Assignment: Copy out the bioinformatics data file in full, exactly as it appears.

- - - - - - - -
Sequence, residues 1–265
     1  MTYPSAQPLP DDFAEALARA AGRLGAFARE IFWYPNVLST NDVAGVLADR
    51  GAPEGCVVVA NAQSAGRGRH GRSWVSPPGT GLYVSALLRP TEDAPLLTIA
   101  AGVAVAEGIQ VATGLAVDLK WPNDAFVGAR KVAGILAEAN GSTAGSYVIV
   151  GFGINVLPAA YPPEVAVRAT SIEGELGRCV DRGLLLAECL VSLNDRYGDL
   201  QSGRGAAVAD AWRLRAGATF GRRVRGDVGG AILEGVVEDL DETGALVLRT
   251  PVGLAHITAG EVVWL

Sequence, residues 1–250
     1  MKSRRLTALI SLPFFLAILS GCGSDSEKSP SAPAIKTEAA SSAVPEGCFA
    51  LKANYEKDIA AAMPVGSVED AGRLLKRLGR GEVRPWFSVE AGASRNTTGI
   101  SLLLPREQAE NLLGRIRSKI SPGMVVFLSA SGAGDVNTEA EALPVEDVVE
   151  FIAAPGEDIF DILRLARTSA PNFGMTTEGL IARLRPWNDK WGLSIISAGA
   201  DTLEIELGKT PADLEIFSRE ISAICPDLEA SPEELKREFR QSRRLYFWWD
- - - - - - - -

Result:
Sequence, residues 1–265
     1  MTYPSAQPLP DDFAEALARA AGRLGAFARE IFWYPNVLST NDVAGVLADR
    51  GAPEGCVVVA NAQSAGRGRH GRSWVSPPGT GLYVSALLRP TEDAPLLTIA
   101  AGVAVAEGIQ VATGLAVDLK WPNDAFVGAR KVAGILAEAN GSTAGSYVIV
   151  GFGINVLPAA YPPEVAVRAT SIEGELGRCV DRGLLLAECL VSLNDRYGDL
   201  QSGRGAAVAD AWRLRAGATF GRRVRGDVGG AILEGVVEDL DETGALVLRT
   251  PVGLAHITAG EVVWL

Sequence, residues 1–250
     1  MKSRRLTALI SLPFFLAILS GCGSDSEKSP SAPAIKTEAA SSAVPEGCFA
    51  LKANYEKDIA AAMPVGSVED AGRLLKRLGR GEVRPWFSVE AGASRNTTGI
   101  SLLLPREQAE NLLGRIRSKI SPGMVVFLSA SGAGDVNTEA EALPVEDVVE
   151  FIAAPGEDIF DILRLARTSA PNFGMTTEGL IARLRPWNDK WGLSIISAGA
   201  DTLEIELGKT PADLEIFSRE ISAICPDLEA SPEELKREFR QSRRLYFWWD